Brazil Surprise Rate Cut To Weigh On BRL

Brazil central bank cut rates by 50 bp to 12.0% by a vote of 5-2, with the 2 dissenters voting for steady rates. No change was expected. However, we note that there was a real split between what economists and traders were pricing in. Weekly central bank survey of analysts shows year-end rate was expected at 12.5%. However, fixed income traders have priced in up to 75 bp of easing by year-end. After today’s decision, we suspect that those expectations will ratchet up further since there are two more meetings left this year, October 18/19 and November 29/30. We believe that the central bank is wrong to cut rates now. Yes, the global outlook remains questionable, but exports are less than 10% of GDP in Brazil. Domestic demand is a much more important driver for the economy, and that remains strong. Price pressures have eased, but remain high enough to call into question this decision to cut so soon.

The COPOM statement noted that “in the relevant time frame, the balance of inflationary risks is becoming more favorable. In this regard, the revision of the outlook for fiscal policy also points in this direction.” It placed great emphasis on the deteriorating external outlook, but as we noted earlier, the domestic outlook is much more important. In that regard, we disagree with its assessment that “a moderate adjustment in the benchmark rate is consistent with a scenario of inflation converging to the target in 2012.” We believe instead that there is still risk of inflation overshoot next year, especially since it appears that fiscal policy is not going to be all that restrictive going forward. The government just proposed an almost 15% hike in the nominal minimum wage for 2012, which has far-reaching impact since pensions and other wage contracts are indexed to this measure. Furthermore, the government just proposed a primary surplus target for 2012 at 2.5% of GDP vs. 3% for 2011. While looser monetary policy might be justified due to tighter fiscal policy in the current weak global environment, we think that recent fiscal tightening won’t be maintained.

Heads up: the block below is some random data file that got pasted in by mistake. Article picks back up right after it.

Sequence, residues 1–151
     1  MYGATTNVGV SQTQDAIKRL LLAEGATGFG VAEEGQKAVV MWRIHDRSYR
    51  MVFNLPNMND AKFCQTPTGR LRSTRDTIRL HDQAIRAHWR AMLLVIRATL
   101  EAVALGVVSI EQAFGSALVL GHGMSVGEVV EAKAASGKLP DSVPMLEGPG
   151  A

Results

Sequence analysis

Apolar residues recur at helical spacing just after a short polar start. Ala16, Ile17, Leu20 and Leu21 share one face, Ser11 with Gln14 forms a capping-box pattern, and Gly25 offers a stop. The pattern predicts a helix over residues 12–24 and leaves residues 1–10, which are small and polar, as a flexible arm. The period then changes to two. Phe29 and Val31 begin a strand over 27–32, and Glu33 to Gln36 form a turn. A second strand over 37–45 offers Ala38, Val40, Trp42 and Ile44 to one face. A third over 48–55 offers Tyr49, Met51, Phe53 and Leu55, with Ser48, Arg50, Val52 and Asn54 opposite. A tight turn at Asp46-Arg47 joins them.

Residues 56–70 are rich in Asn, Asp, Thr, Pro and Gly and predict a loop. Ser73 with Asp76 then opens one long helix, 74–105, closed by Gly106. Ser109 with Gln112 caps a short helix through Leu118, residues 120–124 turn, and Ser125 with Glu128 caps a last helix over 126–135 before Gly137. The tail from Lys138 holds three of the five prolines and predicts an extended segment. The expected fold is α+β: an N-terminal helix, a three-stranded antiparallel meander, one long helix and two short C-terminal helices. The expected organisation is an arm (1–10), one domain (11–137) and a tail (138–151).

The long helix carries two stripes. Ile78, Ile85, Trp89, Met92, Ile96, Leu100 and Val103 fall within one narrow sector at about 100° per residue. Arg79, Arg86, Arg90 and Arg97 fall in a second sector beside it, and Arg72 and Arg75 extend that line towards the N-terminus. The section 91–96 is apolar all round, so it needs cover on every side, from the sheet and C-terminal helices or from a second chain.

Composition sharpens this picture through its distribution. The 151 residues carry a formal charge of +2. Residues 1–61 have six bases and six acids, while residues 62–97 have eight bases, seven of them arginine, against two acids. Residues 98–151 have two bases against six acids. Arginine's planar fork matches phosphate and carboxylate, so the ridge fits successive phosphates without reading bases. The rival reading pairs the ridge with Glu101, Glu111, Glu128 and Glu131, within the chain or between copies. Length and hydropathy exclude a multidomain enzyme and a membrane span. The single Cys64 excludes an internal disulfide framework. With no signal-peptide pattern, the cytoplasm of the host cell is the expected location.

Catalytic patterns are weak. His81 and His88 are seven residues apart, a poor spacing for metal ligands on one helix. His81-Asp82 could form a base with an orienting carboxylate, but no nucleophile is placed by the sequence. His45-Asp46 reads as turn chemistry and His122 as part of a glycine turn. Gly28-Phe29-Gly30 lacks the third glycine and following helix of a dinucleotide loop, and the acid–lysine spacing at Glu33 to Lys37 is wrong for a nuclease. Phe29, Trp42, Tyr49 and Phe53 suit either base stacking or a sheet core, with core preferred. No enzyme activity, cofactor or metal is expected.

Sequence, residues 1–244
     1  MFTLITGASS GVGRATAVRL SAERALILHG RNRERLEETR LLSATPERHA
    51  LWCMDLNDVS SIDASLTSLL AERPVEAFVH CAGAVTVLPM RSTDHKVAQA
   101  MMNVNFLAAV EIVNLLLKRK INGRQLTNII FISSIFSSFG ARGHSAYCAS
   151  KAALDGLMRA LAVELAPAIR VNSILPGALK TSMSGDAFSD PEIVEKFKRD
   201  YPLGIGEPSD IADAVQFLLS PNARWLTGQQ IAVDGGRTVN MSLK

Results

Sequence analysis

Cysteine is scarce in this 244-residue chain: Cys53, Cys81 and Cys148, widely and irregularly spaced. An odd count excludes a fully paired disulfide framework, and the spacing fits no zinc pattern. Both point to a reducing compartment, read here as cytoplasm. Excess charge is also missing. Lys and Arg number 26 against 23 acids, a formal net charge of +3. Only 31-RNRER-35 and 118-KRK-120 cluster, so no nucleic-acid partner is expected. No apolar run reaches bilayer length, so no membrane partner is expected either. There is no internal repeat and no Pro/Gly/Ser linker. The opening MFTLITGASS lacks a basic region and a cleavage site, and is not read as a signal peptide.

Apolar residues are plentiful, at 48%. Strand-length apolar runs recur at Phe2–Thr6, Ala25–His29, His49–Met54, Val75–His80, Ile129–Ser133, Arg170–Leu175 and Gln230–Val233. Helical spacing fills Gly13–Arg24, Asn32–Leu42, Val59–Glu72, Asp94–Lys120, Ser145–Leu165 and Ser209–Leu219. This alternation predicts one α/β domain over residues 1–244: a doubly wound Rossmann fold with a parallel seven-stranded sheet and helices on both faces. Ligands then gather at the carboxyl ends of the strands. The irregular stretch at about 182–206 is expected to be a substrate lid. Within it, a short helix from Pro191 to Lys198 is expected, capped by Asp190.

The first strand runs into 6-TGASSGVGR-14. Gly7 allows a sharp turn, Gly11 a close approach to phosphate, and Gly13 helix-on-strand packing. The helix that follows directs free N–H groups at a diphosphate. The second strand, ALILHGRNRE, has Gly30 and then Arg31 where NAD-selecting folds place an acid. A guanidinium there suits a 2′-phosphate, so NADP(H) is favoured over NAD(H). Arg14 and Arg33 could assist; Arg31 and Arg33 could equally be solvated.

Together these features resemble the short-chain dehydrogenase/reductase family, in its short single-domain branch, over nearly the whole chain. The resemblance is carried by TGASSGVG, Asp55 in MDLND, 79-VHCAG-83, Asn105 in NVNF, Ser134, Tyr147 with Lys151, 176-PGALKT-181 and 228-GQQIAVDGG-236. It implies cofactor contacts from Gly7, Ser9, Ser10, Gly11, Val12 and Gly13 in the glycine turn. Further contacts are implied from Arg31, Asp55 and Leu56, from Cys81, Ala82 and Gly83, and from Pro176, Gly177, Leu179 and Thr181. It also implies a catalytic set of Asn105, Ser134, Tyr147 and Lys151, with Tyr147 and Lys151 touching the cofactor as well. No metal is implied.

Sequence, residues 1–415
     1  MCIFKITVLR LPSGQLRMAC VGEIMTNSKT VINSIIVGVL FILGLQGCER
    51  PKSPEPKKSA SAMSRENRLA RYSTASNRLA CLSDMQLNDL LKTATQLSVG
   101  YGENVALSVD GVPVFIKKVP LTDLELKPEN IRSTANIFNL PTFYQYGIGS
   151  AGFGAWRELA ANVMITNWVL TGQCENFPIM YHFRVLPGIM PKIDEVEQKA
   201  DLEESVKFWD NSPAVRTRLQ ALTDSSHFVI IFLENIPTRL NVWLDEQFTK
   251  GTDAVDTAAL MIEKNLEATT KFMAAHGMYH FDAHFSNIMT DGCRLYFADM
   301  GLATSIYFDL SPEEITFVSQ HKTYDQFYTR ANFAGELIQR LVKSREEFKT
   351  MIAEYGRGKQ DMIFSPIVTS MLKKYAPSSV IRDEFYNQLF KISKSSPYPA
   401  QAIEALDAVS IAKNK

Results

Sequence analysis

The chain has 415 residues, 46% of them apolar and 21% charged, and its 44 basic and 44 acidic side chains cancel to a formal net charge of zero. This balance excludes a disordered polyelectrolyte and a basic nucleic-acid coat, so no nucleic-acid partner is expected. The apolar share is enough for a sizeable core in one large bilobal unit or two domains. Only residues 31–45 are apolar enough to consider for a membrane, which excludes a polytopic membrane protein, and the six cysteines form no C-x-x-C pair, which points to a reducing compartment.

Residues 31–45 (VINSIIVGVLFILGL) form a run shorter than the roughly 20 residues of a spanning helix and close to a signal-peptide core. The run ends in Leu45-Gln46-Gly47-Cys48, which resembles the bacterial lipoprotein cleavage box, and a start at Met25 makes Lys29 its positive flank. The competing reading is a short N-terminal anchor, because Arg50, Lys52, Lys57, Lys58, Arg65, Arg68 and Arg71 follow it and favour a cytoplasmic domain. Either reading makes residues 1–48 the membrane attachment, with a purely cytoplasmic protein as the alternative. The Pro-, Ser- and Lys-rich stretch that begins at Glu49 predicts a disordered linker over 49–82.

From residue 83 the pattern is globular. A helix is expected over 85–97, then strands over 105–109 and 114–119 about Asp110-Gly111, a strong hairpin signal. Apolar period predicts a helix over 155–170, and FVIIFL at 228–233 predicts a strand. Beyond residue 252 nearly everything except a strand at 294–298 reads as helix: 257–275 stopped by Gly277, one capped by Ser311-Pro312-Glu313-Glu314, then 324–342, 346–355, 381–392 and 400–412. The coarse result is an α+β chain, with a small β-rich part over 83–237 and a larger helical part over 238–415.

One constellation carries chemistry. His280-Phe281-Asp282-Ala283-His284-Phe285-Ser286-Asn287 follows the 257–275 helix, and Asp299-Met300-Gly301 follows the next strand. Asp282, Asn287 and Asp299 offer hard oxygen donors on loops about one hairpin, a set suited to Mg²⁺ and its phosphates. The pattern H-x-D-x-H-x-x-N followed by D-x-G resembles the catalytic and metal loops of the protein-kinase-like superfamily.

New central bank chief Tombini is supposed to be establishing his credibility, not damaging it, and yet the decision to cut will weigh on his standing with markets. We think that currency considerations are coloring the central bank’s policy decisions, just as it has dictated other policy responses during this crisis. While the 12% SELIC rate still stands out in the elusive quest for carry, we warn that Brazil really risks damaging its credibility further. While most EM central banks have moved into dovish wait-and-see stances, very few have cut rates during this cycle. Besides Brazil, only Turkey has this distinction and we’ve seen markets punish the lira in recent weeks. While the underlying fundamentals are much stronger in Brazil than in Turkey, we simply point out that market credibility is something that should not be taken for granted.

The decision to cut may help the Bovespa over the near-term, but could hurt stocks over the medium-term if markets believe that Brazil is moving further behind the inflation curve. BRL has performed well during this recent period of heightened market volatility, but that will be tough to sustain in light of this rate cut. While we had expected BRL to perform well in the coming months, this surprise decision will likely weigh on the currency and we now expect the real to start underperforming within EM. Implied yield on 1-month BRL NDF was around 7% before this decision was announced, which is on the low end of recent ranges, and so the 1.55 level in USD/BRL may thus prove even tougher to crack in the coming days. We do not think this is the start of a huge bear market for BRL and Brazil assets, but is enough to limit gains when compared to the wider EM universe.

Comments are closed.

This website uses cookies to improve your experience. We'll assume you're ok with this, but you can opt-out if you wish. Accept Read More